Protecting Homeowners' Privacy Rights in the Age of Drones: The Role of Community Associations

By Farber, Hillary B.; Nodiff, Marvin J. | Fordham Urban Law Journal, July 2017 | Go to article overview

Protecting Homeowners' Privacy Rights in the Age of Drones: The Role of Community Associations


Farber, Hillary B., Nodiff, Marvin J., Fordham Urban Law Journal


ABSTRACT

Homeowners' notions of privacy in their dwellings and surroundings are under attack from the threat of pervasive surveillance by small civilian drones equipped with highly sophisticated visual and data-gathering capabilities. Streamlined rules recently issued by the Federal Aviation Administration ("FAA") have unleashed technological innovation that promises great societal benefits. However, the new rules expose homeowners to unwanted snooping because they lack limits on the distance drones may operate from residential dwellings or time of operations. Indeed, our society should not expect a federal agency to deal effectively with the widely diverse issues of drone technology facing the states, given the different needs of urban and rural communities. The FAA wisely anticipates adopting a multi-layered regulatory framework to address privacy issues. State and local governments, by contrast, are lagging far behind in regulatory efforts, and Fourth Amendment jurisprudence has not kept pace with the privacy issues raised by drones operating in residential areas. Municipalities are best prepared to craft reasonable limitations to safeguard their residents, but few are doing so at the neighborhood level. Fortunately, the sixty-eight million homeowners living in condominium and homeowner associations and cooperatives ("community associations") may look to such quasi-governmental organizations for nimble and responsive action where they live. Community associations have authority and powers similar to municipalities and constitute the level of government closest to homeowners. This Article demonstrates that community associations, home to twenty percent of America's homeowners, constitute the level of government most familiar with characteristics of their neighborhoods and are the best positioned entities for safeguarding the privacy expectations of their homeowners as society adjusts to the uncertain and accelerating world of drone technology.

TABLE OF CONTENTS

Introduction                                                         624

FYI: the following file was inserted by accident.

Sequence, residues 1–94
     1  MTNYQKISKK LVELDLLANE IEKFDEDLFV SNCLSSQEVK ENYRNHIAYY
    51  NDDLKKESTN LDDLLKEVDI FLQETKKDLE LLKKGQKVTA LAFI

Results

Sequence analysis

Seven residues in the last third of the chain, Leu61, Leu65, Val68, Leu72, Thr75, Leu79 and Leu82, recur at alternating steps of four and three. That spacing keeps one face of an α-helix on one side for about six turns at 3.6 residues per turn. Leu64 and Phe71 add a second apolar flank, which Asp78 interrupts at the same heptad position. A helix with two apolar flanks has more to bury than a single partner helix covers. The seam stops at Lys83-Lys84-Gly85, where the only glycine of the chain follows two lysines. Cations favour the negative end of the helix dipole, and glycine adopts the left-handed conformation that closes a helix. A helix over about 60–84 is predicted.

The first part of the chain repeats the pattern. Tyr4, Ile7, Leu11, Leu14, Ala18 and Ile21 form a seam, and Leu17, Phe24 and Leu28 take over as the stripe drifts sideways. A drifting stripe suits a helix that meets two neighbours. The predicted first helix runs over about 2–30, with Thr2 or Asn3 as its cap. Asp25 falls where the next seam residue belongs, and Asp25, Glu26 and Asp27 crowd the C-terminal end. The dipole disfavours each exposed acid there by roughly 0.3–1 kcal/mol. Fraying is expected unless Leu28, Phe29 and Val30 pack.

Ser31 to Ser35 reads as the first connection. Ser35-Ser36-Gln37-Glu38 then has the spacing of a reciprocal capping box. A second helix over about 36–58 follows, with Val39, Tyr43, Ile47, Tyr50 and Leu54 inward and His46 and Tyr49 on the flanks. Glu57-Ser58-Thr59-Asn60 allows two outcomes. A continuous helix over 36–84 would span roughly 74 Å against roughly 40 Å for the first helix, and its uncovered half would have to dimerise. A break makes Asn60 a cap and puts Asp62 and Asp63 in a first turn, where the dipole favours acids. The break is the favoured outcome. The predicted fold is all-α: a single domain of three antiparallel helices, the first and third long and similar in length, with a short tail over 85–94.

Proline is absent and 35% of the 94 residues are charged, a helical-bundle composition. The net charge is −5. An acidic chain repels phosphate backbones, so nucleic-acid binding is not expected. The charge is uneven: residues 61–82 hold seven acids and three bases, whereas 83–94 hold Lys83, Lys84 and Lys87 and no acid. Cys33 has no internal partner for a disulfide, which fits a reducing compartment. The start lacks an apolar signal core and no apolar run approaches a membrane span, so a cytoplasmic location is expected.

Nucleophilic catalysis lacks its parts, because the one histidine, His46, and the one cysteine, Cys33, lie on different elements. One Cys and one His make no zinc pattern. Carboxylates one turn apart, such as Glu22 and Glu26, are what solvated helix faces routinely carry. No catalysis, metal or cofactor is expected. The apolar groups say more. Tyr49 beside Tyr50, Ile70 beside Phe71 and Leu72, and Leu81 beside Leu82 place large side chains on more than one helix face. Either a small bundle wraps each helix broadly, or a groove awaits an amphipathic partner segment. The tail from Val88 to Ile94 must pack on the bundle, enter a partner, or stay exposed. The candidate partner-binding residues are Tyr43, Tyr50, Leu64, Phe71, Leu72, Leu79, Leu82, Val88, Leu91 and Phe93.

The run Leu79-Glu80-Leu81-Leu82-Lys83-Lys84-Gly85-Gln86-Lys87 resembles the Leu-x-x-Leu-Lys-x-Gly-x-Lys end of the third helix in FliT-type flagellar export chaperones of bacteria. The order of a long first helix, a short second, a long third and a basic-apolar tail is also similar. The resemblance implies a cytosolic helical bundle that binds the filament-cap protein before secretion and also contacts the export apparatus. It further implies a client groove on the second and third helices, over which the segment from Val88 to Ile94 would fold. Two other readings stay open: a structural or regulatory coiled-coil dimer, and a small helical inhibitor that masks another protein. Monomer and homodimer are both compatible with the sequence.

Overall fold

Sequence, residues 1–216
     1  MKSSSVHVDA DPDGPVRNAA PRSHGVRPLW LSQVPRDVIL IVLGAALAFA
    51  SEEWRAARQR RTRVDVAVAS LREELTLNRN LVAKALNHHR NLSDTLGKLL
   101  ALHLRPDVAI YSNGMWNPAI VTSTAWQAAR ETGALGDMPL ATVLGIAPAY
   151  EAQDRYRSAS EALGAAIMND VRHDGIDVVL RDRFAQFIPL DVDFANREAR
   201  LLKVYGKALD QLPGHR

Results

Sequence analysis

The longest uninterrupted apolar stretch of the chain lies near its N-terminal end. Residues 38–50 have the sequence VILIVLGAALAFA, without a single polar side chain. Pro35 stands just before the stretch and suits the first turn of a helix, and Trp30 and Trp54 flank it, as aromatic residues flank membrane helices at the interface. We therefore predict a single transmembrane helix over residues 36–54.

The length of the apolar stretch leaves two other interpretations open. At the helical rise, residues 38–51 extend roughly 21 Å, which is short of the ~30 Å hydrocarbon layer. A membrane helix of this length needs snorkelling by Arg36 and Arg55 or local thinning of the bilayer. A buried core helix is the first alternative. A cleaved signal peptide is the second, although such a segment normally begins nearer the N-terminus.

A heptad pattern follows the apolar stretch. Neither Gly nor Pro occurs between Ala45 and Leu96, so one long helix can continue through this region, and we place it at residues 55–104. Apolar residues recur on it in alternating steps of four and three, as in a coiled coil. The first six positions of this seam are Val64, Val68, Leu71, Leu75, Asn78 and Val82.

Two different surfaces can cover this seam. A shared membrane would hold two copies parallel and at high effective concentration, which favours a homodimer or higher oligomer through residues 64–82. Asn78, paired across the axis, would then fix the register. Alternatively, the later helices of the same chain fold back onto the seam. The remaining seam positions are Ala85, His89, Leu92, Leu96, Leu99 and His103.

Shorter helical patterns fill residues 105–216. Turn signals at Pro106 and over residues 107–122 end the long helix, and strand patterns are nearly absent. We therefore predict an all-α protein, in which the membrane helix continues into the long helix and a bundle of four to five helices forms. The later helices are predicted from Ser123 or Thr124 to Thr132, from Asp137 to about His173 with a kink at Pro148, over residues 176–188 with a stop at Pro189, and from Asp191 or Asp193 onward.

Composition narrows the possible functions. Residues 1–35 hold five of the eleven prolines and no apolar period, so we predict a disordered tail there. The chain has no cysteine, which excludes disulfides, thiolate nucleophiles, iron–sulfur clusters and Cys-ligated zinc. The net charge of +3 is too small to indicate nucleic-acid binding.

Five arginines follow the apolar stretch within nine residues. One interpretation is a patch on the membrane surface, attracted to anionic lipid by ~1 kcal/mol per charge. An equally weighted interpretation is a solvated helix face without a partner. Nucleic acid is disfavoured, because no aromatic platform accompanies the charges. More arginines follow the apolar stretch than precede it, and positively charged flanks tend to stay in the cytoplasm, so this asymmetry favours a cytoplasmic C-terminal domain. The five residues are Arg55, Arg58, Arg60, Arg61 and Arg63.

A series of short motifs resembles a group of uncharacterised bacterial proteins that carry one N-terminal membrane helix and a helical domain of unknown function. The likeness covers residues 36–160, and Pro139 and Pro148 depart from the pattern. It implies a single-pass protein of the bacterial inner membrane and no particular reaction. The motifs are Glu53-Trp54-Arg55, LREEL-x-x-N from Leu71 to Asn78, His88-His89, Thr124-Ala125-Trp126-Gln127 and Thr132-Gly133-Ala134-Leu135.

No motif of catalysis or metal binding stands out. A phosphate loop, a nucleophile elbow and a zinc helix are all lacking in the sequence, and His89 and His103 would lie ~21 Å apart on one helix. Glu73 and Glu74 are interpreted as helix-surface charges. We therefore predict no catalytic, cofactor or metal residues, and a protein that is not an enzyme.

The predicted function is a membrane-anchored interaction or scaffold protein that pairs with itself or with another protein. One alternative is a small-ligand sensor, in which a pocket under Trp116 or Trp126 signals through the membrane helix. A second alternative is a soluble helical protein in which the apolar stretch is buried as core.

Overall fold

I. FAA Rules: Safety, Not Privacy                                    629
     A. Unleashing Technology                                        630
     B. FAA's Focus on Safety                                        634
     C. Enforcement: More Safety Than Privacy                        635
II. Surveillance and Privacy Expectations Under Current Law          637
III. State and Local Laws to Protect Privacy Will Not be Preempted
     by the FAA Rules                                                645
       A. Matters Preempted by FAA                                   648
       B. Matters Not Preempted by FAA                               649
IV. State and Local Governmental Regulatory Activities               650
V. Community Associations in the Governmental Role                   655
     A. Community Associations Resemble Local Government             657
     B. Rulemaking and Financing of Community Associations           658
        1. Reasonable Rules                                          658
        2. Financing the Association                                 659
     C. Protecting Privacy in Community Associations                 660
Conclusion                                                           663

INTRODUCTION

Perhaps more than any other new technology of previous eras, today's rapid evolution of drone technology diminishes the degree of privacy to which Americans are accustomed. Drones, or unmanned aircraft systems ("UAS"), are capable of flying hundreds of feet in the air while amassing images and data of people and places on the ground. The drone's aerial perspective, along with its ability to hover, gives unprecedented access to places that were once shielded from public view.

In view of drones' extraordinary surveillance, data-gathering, and data-dissemination capabilities, privacy advocates are concerned that the new FAA rules for commercial drone operators expose individuals to pervasive surveillance. …

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